However, it’s the hallowed house heritage of Prescription that Chez along with Ron are probably best well known for and is often referenced when talking about these house disciples. The term ‘Deep House’ is bandied about a lot and I f**kin’ hate it but if one label personifies the deeper realms of house then it’s definitely Prescription – if you’re a ‘house head’ or ‘deep house’ fan and you ain’t got a Prescription record then we just ain’t gonna get on… I’m gonna keep this dose of Prescription brief as this story has been told hundreds of times but can’t write about Chez without a lil’ reference. Though there are countless classics on the label including the ‘Hip To Be Disillusioned Vol.1’, ‘Foot Therapy’ and ‘Grand Lodge Of Luxor (Thebes)’ EP’s that are a feature in many a discernible DJ’s set or hardcore house enthusiasts collection, personally I think the afterhours ether of ‘Morning Factory’ perfectly captures the essence of the label. Inspired by their visits to the Junior Vasquez’s Sound Factory, as with a lot of their other Prescription records when in the studio they ‘synthesized’ their experiences of club soundsystems. It is true when you hear a Prescription record on a decent system they sound otherworldly with their deep, ethereal aesthetic… Though some may find it insignificant that the records have philosophical and spiritual meaning behind them trust me when you’re on that dancefloor and a Prescription joint is dropped it’s a feeling that takes you to a higher plane of the house sanctuary. Again these have been reissued whether through Ron on his Prescription Classic Recordings or Chez’ affiliation with German imprint Mojuba so no excuse – get a deep dose here of a few of my fave Prescription platters here…

They also hooked up with Derrick Carter and Chris Nazuka at their Red Nail studio – recording joints for Derrick’s Blue Cucaracha label such as ‘Sometimes I Feel Like’ as Last Session (also released on Prescription via the Hip To Be Disillusioned EP) featuring Chez’ old sparring partner Alton Miller on vox plus ‘Never Mind’ with Chez recording the vocal under his Noni alias (the name drawing inspiration from Ron’s daughter named Noni). After a few years of running Prescription with the closure of the KMS studios and wanting to pursue different projects their partnership had run its course. Ron relocated to New York forming his USG (‘Urban Sound Gallery’) project in tandem with running Prescription whilst Chez went on to solely run their new incarnation of Prescription – ‘Balance Recordings’. Chez brought into the fold other Chicago cats such as providing a platform for Glenn Underground’s disco-tinged trax under his C.V.O. (‘Chicago’s Very Own’) alias and Joshua Iz releasing a couple of EP’s as Circulation. Though Balance was short-lived to me it was a natural progression from the Prescription vision with that inimitable Chicago flavour yet timeless aesthetic… Personal faves include the Sylvester sampling ‘Mighty Real Groove’ by C.V.O and Circulation’s ‘Emotions Unknown’ (which samples Chez’ hook from ‘I Never Knew Love’) – of course not forgetting Chez rereleasing Forever Monna with extra mixes in contrast to the earlier Serious Grooves pressing. Here’s those choice Blue Cucaracha and Balance joints…

Come ’97 and as life took hold Chez took an extended break from music. Things lay dormant for several years with intermittent involvement such as appearing on Derrick Carter’s Classic stable with ‘A Hope (Over U)’ on the Mo Pschidt EP in 2000. However, a few years in 2004 Chez was inspired to write and record again he appeared on Brett Dancer’s Track Mode imprint with the ‘Spiritual Warfare V.1’ EP and collaborating with Leroy Burgess on ‘Your Love (Lifted Me Up)’ plus hooked up with Frankfurt’s Motorcitysoul and recorded ‘Keep On Turning’ as Kids In The Streets which evoked the spirit of Balance and Prescription. Fast-forward a few more years and in 2009 Chez joined Don Williams’ Mojuba imprint releasing the ‘Time Visions’ EPs on the label’s Good Old Days offshoot – reissuing some of his classic joints such as ‘Sometimes I Feel Like’ and ‘Teach Me, Keep Me’ plus with previously unreleased exclusives such as ‘Why’ and ‘Soul Minimal’. Last year Mojuba released the third edition of the series (complete in picture cover!) with his hard-to-find tracks such as ‘Don’t Try It’, ‘A Dedication To Joss’ and ‘The Feeling’ – complete with Mojuba mainstay Oracy doin’ an edit of ‘Forever Monna’.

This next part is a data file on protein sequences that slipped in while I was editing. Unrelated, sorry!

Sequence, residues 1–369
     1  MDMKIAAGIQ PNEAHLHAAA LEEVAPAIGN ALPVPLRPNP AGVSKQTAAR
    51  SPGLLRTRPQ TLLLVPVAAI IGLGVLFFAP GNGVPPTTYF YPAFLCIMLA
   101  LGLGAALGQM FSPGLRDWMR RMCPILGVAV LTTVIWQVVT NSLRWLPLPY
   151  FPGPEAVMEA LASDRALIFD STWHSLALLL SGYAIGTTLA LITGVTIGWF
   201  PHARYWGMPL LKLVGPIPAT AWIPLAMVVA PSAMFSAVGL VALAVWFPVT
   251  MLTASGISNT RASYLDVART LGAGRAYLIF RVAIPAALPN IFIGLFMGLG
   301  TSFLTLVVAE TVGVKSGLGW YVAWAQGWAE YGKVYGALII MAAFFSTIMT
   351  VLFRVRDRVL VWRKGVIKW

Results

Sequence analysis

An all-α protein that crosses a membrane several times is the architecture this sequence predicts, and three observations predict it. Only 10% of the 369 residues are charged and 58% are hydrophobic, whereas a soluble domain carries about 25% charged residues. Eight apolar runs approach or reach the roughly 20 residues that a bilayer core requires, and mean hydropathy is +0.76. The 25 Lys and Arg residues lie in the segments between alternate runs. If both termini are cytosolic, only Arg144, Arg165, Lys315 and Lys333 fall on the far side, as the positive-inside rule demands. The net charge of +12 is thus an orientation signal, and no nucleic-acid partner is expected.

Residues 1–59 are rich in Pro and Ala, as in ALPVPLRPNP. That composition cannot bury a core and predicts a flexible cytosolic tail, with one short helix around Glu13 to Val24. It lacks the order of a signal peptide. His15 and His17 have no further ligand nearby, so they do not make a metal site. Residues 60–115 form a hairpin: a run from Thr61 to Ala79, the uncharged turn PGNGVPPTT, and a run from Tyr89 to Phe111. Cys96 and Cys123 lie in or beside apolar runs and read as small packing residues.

Anyway, at the same time he joined Mojuba Chez relaunched Balance under the new banner of Balance Alliance. Kicking off with the ‘Unite Therapy Volume One’ EP (featuring Larry Heard), the label served as platform for Chez to bring other artists/producers to the fore who he mentored and was inspired by with alumni including Brawther and Glimpse & Giles Smith of Secretsundaze. As well as Balance Alliance, there are a series of Balance subsidiaries including the more recent Balance Music, Brawther’s Courtesy Of Balance Recordings, extended affiliate Finale Sessions (ran by Michael Zucker) plus the latest addition to the family Inner Balance which released the Fragil/Traintaeum EP this year by Chez’ Portuguese pupil Jorge Caiado. Let’s not forget the original Balance stable which Chez relaunched five years ago and has been an outlet for his Parisian protégé Brawther who released his ‘Endless’ LP this year featuring all the tracks off his previous Balance EP’s that have fallen prey to the Discogs speculators… Anyway if you ain’t a crate crusader then a lot of these are available via the usual online suspects so easy to pick up.

So, what I love about Chez is that you can’t categorise his records – it ain’t Chicago House this or Detroit Techno that... His production perspective took elements from Chicago, Detroit and New York ultimately giving his tracks an international influence but with a feeling that transports you straight to the intimate confines of the dancefloor… Don’t forget he’s a serious selector too so make sure you catch him if in town – I was lucky enough to see him at Thunder and Electric Elephant last year where he dropped superior sets and true to his word joined us on the dancefloor! So I think that covers it with my love letter to the teacher – though he never sees himself as a ‘legend’ or ‘house hero’ I’m sure he’d agree that he’s left a lasting legacy that never ceases to amaze and inspire the next generation…

AIDEN d’ARAUJO